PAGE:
The fastest an the course that has the least negative impact on the poor has proven to be the course the U.S. has taken. The U.S. enjoys the cheapest energy cost of any developed nation and has reduced CO2 emissions more than any other country through the use of natural gas. The advantage of cheap energy is now flowing to other countries as cheap gas will also reduce emissions in the countries buying that gas. It may not address the long term issues but it is the most practical course if reduced human suffering and rapid reductions are the goal. That would include operating vehicles on natural gas not electric cars the poor cannot afford. It does not however turn over control to the bureaucrats and the environmental groups which are the major contributors to Democrats.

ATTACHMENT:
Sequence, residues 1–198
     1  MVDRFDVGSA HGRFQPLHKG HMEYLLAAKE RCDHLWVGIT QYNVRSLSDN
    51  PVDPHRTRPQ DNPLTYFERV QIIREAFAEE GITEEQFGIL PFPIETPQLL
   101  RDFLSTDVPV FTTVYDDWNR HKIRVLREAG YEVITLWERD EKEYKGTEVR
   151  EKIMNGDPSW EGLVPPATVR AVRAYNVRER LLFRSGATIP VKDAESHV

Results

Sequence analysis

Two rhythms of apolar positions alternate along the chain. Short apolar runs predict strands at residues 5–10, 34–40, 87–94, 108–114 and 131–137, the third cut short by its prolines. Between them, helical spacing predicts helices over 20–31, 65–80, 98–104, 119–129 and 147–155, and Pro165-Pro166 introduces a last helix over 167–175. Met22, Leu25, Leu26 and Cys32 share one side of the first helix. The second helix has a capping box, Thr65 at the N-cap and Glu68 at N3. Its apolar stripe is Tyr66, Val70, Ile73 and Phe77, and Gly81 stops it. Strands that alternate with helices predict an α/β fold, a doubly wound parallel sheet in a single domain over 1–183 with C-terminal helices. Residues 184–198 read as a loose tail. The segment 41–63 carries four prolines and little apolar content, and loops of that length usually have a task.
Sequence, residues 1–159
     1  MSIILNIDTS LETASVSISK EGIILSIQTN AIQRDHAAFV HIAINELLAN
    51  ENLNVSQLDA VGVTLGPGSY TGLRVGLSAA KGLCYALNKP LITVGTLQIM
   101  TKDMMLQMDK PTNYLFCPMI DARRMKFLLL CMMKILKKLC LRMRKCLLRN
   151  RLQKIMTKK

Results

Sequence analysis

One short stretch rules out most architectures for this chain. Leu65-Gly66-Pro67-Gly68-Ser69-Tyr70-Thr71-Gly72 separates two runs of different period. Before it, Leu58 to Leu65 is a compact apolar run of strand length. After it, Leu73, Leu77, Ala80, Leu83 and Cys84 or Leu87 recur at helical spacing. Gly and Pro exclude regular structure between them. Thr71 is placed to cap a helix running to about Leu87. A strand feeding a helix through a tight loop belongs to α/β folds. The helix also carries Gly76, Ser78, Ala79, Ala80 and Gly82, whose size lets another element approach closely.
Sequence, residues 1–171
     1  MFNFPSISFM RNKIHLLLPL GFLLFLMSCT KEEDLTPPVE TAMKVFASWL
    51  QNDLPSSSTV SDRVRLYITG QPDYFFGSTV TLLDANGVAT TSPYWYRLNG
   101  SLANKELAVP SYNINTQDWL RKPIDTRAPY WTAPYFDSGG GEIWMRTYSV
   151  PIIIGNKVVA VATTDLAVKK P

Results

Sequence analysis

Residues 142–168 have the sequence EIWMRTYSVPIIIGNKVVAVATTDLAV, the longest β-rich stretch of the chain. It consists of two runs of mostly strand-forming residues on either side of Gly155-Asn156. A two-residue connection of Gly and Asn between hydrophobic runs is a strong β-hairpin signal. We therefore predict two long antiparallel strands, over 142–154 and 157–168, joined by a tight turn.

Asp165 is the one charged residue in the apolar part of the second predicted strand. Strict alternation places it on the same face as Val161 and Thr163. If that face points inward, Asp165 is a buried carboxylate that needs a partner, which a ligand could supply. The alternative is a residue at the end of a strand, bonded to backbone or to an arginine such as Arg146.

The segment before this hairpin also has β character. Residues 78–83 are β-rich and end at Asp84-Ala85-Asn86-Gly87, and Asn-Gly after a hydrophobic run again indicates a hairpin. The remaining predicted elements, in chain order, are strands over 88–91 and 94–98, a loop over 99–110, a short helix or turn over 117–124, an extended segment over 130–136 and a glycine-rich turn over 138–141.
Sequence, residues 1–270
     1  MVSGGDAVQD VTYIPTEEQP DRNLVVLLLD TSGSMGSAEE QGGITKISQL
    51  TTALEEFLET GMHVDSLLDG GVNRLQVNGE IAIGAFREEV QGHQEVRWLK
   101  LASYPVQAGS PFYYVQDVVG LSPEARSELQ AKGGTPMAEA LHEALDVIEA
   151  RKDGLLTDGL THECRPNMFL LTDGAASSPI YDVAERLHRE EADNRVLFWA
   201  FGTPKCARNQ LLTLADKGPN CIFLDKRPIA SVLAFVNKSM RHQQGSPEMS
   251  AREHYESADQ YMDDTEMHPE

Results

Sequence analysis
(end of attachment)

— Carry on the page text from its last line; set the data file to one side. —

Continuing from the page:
So Democrats pump billions into sustaining illegals in the vain hope that their fertility rate will drop?

                      Cheap gas means more people driving longer distances, increasing emissions. Only Democrats could conceive of the opposite, or actually believe that nonsense...the very same idiot Democrats who believe that somehow, the electrical energy needed to run electric vehicles is free, while all other electricity is not.

                      This is the new emblem of the Democratic party: they're all squirrels.

                      Quis Custodiet Ipsos Custodes? Who is watching the watchers?

                      Comment


                      • Originally posted by Mountain Man View Post

                        So Democrats pump billions into sustaining illegals in the vain hope that their fertility rate will drop?